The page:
Akola Travel Guide
Get There and Around
get there and around
Akola Airport (also known as Shivani Airport is the domestic airport of Akola city at an elevation of 999 ft and has one runway . The Airport is just 7 km away from the city on National Highway number 6. The nearest domestic airport is at Nagpur. The work of renovation and operations of Akola airport has been taken by Airport Authority of India.
The "NH6" runs through Akola from Hajira to Kolkata. NH6 is a part of Asian Highway 46. Maharashtra state transport buses are most commonly used by people to travel to rural parts of the region. They are the cheapest means of transport. State-owned and private air-conditioned bus services run daily buses to most important cities to and from Akola. The bus frequency is good.
Akola Municipal Transport (AMT) runs Akola's public transport service. Autorickshaw is also widely used in Akola city for city transport. Traffic is generally a problem, in the form of congestions due to increasing number of vehicles, bad roads, stray animals and a general disregard of traffic rules. Road accidents are often fatal and are very common. The municipal corporation is trying to improve the roads in Akola city through IRDP (Integrated Rural Development Planning). This may create a new face of the city.
Akola also has good railway connectivity with direct trains to Mumbai, Delhi, Ahmedabad, Rajkot, Okha, Kolhapur, Pune, Indore, Ujjain, Khandwa, Ratlam, Nagpur, Howrah, Puri, Chennai, Jaipur and Hyderabad.
Akola railway junction situated on both the Mumbai-Bhusawal-Wardha-Nagpur-Howrah rail line and the Kacheguda-Jaipur meter gauge line is an important junction for passengers from North and South India and also for goods trains. Broadgauging of Akola-Purna, Akola - Indore Junction MG and Akola - Indore Junction BG - Ratlam railway line under Unigauge has recently completed and passenger train have started running on this route. Important railway stations in Akola region with their codes are Paras, Gaigaon, Akola Junction(AK), Murtajapur Junction (MZR) and are under Bhusawal-Badnera Section of Bhusawal Division of Central Railway.
The other stations under meter gauge are Hiwarkhed (HWK), Adgaon Buzurg (ABZ), Akot (AKOT), Patsul (PTZ), Ugwe (UGWE), Akola Junction, Shivani Shivpur (SVW), Barshitakli (BSQ), Lohogad (LHD), Amna Vadi (AMW), Jaulka (JUK) are under Purna - Khandwa Section of South Central Railway.
Akola is a city in the state of Maharashtra located in the Vidarbha region in central India. It is located around 600 km east of Mumbai (former "Bombay") and 250 km west of Nagpur. Akola is the headquarter of Akola District located in Amravati Division. Akola District has an area of about 54.31 square kilometers and population of 1,629,305 million people (2001 census). Marathi is the most popularly spoken language, though English and Hindi are also used. Akola District is bounded on the north and to the east by Amravati District, to the south by Washim District, and to the west by Buldhana District.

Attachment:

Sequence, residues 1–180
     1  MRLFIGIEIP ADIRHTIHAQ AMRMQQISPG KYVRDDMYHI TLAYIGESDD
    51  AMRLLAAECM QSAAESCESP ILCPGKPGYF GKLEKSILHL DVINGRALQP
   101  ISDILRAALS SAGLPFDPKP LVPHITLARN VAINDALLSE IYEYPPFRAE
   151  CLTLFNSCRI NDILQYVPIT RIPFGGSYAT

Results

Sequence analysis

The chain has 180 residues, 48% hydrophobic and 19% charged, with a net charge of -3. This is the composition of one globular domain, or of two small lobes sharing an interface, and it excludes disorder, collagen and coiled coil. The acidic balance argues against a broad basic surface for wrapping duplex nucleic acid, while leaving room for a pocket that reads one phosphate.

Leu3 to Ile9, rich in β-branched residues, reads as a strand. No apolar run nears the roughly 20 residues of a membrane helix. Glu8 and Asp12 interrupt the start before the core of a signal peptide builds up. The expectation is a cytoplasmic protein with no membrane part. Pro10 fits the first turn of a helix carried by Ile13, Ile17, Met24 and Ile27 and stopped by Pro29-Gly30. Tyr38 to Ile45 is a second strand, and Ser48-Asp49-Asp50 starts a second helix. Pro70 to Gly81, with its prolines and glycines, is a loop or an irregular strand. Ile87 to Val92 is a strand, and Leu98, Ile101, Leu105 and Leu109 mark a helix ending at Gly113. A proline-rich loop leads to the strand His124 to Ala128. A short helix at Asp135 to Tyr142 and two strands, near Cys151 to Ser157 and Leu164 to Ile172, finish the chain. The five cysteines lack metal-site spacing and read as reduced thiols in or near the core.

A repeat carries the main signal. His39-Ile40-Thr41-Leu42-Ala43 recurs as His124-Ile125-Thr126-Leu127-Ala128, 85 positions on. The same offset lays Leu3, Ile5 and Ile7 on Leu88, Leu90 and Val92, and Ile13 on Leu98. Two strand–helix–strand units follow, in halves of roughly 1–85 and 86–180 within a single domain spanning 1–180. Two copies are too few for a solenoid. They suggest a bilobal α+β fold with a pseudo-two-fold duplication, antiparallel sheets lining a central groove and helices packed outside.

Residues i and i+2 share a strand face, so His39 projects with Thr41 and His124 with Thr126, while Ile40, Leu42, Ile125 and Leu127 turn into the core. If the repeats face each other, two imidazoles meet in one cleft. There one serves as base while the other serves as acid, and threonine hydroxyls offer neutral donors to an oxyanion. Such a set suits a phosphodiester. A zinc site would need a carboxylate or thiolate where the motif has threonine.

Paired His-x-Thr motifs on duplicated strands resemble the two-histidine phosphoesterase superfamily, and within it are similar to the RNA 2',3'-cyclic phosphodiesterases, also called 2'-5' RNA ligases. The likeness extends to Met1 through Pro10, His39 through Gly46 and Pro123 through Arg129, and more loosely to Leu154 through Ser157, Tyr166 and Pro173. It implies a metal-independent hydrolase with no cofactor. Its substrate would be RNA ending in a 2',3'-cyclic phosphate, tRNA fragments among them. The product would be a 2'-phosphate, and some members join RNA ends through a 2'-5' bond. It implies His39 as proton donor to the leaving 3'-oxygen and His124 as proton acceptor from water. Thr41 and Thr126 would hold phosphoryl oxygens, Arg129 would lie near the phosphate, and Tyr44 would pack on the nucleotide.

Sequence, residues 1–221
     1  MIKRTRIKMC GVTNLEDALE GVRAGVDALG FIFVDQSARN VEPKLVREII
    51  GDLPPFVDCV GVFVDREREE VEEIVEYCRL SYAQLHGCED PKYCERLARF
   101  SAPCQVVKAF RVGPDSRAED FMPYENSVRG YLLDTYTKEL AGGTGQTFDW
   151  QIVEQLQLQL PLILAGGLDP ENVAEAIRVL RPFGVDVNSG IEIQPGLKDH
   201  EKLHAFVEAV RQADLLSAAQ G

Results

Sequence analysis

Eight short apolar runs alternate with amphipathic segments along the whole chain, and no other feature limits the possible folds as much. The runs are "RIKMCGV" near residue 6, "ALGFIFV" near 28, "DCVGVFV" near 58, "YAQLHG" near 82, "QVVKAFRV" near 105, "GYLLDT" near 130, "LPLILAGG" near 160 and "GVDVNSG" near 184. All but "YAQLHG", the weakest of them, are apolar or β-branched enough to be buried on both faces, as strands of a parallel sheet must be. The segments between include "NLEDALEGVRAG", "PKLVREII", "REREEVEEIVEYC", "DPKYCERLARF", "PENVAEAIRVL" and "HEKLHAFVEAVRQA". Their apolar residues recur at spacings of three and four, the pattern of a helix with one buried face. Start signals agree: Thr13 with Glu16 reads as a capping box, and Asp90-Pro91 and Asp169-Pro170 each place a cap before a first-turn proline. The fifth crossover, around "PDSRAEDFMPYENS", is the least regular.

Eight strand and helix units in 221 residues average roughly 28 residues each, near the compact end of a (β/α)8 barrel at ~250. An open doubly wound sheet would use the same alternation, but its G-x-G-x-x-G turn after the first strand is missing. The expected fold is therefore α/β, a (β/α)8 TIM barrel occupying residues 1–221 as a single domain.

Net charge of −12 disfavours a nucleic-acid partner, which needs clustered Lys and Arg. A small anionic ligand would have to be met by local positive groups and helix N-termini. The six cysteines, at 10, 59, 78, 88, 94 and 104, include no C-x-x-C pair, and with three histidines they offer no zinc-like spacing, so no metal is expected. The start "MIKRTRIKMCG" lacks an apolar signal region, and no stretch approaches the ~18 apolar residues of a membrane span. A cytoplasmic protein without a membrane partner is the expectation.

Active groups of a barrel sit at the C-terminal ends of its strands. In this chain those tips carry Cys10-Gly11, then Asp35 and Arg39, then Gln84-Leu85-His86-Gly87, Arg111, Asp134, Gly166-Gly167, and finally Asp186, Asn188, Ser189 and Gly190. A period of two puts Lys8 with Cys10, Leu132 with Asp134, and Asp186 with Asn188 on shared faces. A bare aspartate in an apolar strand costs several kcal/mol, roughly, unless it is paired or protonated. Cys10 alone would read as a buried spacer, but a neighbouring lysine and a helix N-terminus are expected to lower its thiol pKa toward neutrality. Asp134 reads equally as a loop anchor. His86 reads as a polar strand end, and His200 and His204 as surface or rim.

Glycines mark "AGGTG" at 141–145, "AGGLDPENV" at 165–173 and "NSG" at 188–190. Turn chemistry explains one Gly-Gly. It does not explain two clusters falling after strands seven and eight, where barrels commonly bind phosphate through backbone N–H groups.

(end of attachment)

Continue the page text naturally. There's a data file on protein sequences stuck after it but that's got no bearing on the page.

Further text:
Akola, also called Cotton City, is renowned for its cotton production and is the largest cotton producing district in India. The city is also famous for its pulses (dal), oil and textile mills. Akola is also renowned for its medical facilities. It is a major center for advanced medical treatments, such as The Elizarov technique, IVF. Major hospitals in Akola include the Civil Hospital, Chaudhary Hospital and Akola Critical Care Unit.
Dainik Deshonnati, one of the highest circulated and leading Marathi newspaper in Vidharbha region, originated from Akola. Other prominent newspapers published from Akola include Lokmat Samachar and Dainik Matrubhumi.
Akola District along with the rest of the Berar province was part of the legendary kingdom of Vidarbha mentioned in the Mahabharata. Berar also formed part of the Mauryan Empire during the reign of Asoka (272 to 231 BCE). Berar later came under the rule of the Satavahana dynasty (2nd century BCE–2nd century CE), the Vakataka dynasty (3rd to 6th centuries), the Chalukya dynasty (6th to 8th centuries), the Rashtrakuta dynasty (8th to 10th centuries), the Chalukyas again (10th to 12th centuries) and finally the Yadava dynasty of Devagiri (late 12th to early 14th centuries). A period of Muslim rule began when Ala ud din Khilji, Sultan of Delhi, conquered the region in the early 14th century. The region was part of the Bahmani Sultanate, which broke away from the Delhi Sultanate in the mid-14th century. The Bahmani Sultanate broke up into smaller sultanates at the end of the 15th century, and in 1572 Berar became part of the Nizam Shahi sultanate, based at Ahmednagar. The Nizam Shahis ceded Berar to the Mughal Empire in 1595. The Mughals ruled the BBerar province during 17th century. As Mughal rule started to unravel at the start of the 18th century, Asaf Jah I, Nizam of Hyderabad seized the southern provinces of the empire (including Berar) in 1724, forming an independent state.
But the rise of Maratha Empire (from 1674 to 1760) under the command of Chhatrapati Shivaji succeeded by his son Sambhaji and grandson Shahu brought the whole Berar province including Akola district under the Maratha Empire around 1734. In 1749 at the time of his death, Shahu appointed the Peshwa as the head of the Maratha Empire with certain conditions to follow. The loss in the third battle of Panipat in 1761 weakened the Maratha empire and corrupted the power of Peshwa forever. The Berar province remained under the Marathas.
After India gained its Independence in 1947, the states and provinces were reorganized in 1956. Berar was divided among different states. Akola became a part of bilingual Bombay state which was further divided into two states in 1960. Akola became a part of the new Maharashtra State. The Narnala fort, Akot fort,Akola fort and Balapur Fort are some of the famous monuments in Akola